Monday, January 18, 2016

Advice From an Old Korean Missioner on Unification

A Catholic Times' column by a professor of Chinese Studies on unification of the peninsular, has an interview with the local superior of the Maryknoll Society, Father Gerard E. Hammond. He begins his article by  mentioning a brief history of Maryknoll, established for mission to Asia. Mission work for the Society began in Korea early, and in 1927 the Pyongyang Province was made a prefecture and work continued until war and the Communist take-over of North Korea.
Father Hammond has been associated with the Eugene Bell Foundation whose president is Stephen Linton. Father has been working in North Korea with  Stephen Linton and his foundation combating those with Multi-drug -Resistant Tuberculosis. They have 12 centers in the North which they visit frequently with drugs, assisting and examining patients. They are one of the biggest groups in this work.

Recently, Fr. Hammond told one of the Korean priest leaders in promoting unification of the county that  medical aid to the North is one of the most important works that we can engage in at present. Germany is a good example of what was needed for unification.  East German citizens trusted West Germany, and they made the choice of joining them because of the good will towards the West.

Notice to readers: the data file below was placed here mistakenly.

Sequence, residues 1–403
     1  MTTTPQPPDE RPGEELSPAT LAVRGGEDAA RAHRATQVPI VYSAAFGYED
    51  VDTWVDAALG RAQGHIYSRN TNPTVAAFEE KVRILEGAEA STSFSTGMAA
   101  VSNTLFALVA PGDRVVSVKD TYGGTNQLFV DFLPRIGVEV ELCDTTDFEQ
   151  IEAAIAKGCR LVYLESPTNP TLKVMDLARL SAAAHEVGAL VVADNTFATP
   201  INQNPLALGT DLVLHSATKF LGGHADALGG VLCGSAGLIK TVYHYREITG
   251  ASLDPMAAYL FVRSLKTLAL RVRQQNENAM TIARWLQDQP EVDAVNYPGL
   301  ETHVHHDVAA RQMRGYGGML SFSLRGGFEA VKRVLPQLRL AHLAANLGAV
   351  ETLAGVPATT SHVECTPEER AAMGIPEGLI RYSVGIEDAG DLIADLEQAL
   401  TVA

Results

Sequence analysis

When North Korea has a trust in the government of the South, we will have the citizens' peaceful transition to a one Korea, says Fr. Hammond. When North Koreans are having problems and difficulties, we should not neglect them. We  need to monitor what is being done, ensuring the aid is going to the needy. That is the reason the Eugene Bell Foundation has established the 12 centers.
Persons that were  members of the elite in North Korean society were  purged from positions in government by Kim Jong-un for selling medical supplies on the market for personal gain, given from the South and  international  organizations. Which showed medical help  given by 'angels' was acknowledged and punishment was duly given to those who stole from the sick of the country.

Fr. Hammond is 80 years old and has his grave site  selected, and  wants to be considered a Korean. He will continue working to help the North Koreans and  prays and hopes for the day of unification.

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